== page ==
March 2000 Film Music CD Reviews

Film Music Editor: Ian Lace
Music Webmaster Len Mullenger

David A. HUGHES and John MURPHY One More Kiss OST    SILVA SCREEN FILMCD 325 [49:25]

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This album certainly has an arresting opening, reflecting the album booklet cover design: the sound of a chill wind clutching at a girl perched atop a New York skyscraper. She observes, "They say the best time to jump is about five o'clock when the wind is low and the traffic won't stop for anybody..."

The blurb tells us that "One More Kiss is a story about rediscovering love and how, when perceptions are forced to change, life can hold an entirely different meaning." Sarah leaves her New York high rise affluence and goes home, to Scotland, to find her old love Sam, now married though, and to visit her father, Frank. But Sarah is under a death sentence of cancer.

Hughes and Murphy's music is perforce romantic and sentimental and tinged with sadness and regret. After the dramatic opening described above, the 'Opening titles' presents, within its 41/2 minute compass, affecting romantic music that is serene yet disturbing and turbulent, and intimate yet remote. A slight tango inflection at one point adds colour. Many of the very brief cues of original music are reflective with slow moving sustained chords mainly for strings. Two cues have special beauty. The oddly named 'Frank's false teeth' that has a lovely haunting poignancy. Seemingly summoning distant memories, this cue has the bass clarinet playing unusually at the top of its register to give a sort of ghostly effect. Then there is the radiantly romantic evocation of 'Kate Flying'.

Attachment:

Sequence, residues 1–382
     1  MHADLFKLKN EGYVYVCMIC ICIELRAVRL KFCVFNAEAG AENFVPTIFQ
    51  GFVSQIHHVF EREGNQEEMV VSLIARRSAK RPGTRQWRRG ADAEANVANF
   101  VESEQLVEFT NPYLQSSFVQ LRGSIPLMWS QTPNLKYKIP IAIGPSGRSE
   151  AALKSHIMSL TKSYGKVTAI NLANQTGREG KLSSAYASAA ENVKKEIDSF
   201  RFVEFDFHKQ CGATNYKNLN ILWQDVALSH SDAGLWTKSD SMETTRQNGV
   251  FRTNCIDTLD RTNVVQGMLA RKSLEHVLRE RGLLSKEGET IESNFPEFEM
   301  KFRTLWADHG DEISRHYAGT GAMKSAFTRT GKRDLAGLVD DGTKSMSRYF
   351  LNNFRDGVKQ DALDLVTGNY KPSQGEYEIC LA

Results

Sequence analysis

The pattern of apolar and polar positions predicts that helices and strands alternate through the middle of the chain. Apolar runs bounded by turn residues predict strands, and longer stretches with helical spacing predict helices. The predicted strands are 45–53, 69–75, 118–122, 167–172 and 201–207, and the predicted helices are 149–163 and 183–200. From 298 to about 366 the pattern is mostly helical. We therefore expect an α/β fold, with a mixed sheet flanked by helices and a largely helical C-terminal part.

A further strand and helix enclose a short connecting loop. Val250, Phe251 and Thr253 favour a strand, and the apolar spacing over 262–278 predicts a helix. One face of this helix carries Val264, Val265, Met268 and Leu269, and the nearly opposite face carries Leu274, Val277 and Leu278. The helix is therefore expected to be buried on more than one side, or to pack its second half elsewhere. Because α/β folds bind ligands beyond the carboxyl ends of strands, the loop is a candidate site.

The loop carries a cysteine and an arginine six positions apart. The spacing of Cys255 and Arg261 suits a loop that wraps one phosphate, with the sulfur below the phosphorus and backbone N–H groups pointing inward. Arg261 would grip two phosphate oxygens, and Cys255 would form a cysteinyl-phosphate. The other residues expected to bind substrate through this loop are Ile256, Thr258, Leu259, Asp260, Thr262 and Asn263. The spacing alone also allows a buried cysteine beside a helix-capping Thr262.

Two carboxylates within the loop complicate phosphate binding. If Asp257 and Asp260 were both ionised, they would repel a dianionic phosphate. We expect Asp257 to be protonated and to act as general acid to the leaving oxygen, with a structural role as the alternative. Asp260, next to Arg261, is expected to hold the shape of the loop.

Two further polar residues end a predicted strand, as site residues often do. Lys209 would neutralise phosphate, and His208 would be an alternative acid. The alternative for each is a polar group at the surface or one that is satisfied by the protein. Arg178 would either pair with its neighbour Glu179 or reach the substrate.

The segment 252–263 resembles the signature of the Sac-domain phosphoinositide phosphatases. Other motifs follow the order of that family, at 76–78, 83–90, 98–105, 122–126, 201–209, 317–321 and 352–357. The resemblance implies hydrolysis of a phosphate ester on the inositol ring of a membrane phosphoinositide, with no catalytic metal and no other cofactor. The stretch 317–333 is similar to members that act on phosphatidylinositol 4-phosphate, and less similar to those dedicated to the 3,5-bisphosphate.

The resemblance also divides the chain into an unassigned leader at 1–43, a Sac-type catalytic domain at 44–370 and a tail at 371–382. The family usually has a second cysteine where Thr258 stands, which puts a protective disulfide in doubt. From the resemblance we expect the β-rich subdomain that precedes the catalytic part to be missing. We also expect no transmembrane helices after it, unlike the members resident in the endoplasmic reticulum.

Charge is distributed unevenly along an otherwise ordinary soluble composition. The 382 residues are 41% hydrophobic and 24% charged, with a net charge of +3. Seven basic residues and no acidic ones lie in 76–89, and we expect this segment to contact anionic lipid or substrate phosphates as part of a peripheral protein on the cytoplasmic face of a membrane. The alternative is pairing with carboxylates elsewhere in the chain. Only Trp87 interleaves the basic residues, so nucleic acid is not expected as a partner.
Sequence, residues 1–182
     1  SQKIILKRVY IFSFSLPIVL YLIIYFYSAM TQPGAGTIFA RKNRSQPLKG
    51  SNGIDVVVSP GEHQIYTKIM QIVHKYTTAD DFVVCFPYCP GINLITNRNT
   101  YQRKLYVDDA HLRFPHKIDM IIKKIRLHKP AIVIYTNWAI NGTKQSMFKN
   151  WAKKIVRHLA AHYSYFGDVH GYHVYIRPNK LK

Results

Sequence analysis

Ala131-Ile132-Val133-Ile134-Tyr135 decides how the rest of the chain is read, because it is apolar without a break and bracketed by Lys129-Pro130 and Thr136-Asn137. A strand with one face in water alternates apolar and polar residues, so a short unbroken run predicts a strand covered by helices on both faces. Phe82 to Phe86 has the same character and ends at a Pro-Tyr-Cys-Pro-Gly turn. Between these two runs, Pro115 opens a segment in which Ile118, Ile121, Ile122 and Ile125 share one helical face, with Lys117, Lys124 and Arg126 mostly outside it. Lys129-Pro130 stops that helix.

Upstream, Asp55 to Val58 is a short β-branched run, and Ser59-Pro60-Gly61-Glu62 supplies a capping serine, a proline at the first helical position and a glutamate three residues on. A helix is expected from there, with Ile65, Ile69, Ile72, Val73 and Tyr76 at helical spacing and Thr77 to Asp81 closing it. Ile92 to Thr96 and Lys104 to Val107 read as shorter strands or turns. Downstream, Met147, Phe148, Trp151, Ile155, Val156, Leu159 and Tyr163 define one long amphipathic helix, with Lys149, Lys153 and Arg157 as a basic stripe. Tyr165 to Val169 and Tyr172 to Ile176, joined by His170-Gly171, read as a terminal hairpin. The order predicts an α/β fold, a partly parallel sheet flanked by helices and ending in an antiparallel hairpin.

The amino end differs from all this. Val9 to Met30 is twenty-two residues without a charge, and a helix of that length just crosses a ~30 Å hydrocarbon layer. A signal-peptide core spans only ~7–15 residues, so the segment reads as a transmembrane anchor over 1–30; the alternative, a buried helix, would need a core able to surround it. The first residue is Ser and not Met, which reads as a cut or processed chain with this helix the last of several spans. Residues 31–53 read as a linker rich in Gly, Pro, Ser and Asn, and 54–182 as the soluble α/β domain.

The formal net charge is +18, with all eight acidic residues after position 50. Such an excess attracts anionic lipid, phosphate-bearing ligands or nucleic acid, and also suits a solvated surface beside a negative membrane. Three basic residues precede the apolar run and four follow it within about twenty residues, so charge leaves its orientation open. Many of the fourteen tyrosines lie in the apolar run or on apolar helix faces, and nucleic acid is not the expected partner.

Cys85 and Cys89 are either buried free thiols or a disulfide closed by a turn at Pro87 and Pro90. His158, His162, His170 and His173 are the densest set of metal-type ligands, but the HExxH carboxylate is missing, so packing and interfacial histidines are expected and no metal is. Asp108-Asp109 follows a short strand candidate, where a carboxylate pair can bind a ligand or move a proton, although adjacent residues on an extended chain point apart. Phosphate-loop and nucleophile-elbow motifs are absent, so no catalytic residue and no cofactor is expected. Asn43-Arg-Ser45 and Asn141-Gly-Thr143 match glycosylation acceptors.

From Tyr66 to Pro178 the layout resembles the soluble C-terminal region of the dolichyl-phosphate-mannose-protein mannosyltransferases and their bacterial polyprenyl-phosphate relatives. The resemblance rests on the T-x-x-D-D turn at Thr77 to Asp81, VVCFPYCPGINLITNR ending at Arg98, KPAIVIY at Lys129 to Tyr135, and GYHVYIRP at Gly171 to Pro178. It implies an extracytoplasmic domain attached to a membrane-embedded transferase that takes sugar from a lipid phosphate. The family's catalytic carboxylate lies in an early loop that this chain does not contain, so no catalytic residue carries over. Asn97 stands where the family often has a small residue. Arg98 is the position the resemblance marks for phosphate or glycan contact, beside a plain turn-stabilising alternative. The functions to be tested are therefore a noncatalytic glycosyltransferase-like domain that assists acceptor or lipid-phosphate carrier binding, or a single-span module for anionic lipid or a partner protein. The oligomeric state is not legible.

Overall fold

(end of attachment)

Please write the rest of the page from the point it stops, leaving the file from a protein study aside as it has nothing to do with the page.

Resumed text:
The source music is interesting and varied. From the world of opera, Tito Beltran sings 'Amor Ti Vieta', Julian Jenson, 'Caruso' and Slava a beautiful arrangement of 'Ave Maria'. Classical popular material includes that marvellous narrative song about the young Parisian lady with airs, 'Where do you go to my lovely'; and 'How About You' (better known by its line 'I love New York in June, how about you') which is chosen by Sarah to be sung at her funeral.

One or two of the original music tracks have narrative overlain. Particularly poignant is Sarah's 'Last Speech', "It's pointless you mourning for me, I enjoyed my life. Naturally you'll miss me - I have a great sense of humour...think of me at a better party." The music at this point has warmth and compassion and is, rightly, just that little bit remote with some nice material for the oboe.

A feel-good album to be taken with chocolates and plenty of Kleenex.


Ian Lace

But Paul Tonks is sceptical:-

Yikes! What the Hell kind of concept is this? Although I suspect only the best of intentions, this is almost a template for what not to do in putting a soundtrack album together. Every conceivable target audience group is going to feel short-changed. Blatant rip-offs, classic pieces thrown in at random, a mish-mash of songs, dialogue, 30 second cues, and a complete absence of the title song. Let's take those in turn:

We start with a dangerously close plagiarisation of Craig Armstrong's "Weather Storm" (from his The Space Between Us solo album) in "Opening Titles". There's a couple of classical cinematic chestnuts in "Ave Maria" and "Beautiful Dreamer", then a hodgepodge of styles cocktailed together in Connie Lush's "Fascinating You" & "How About You?", Milo's "Swimmers", and Peter Sarstedt's "Where Do You Go To My Lovely?"

The film dialogue chosen is hardly anything memorable, and is wastefully mixed into the music beneath which makes programming impossible. Length of cues may only be a personal bugbear, but surely a little editing might have produced a semblance of musical growth? Lastly is the fact the film title is inspired by the song "One More Kiss, Dear" sung by Don Percival in Vangelis' Bladerunner score. All the booklet has to say is that it isn't included. Presumably the explanation comes under a licensing wrangle - but an explanation would have been nice.

Despite the obvious cameraderie in collusion between those involved, there is no pleasing result to be made from the sum of their parts.


Paul Tonks


Ian Lace

Paul Tonks

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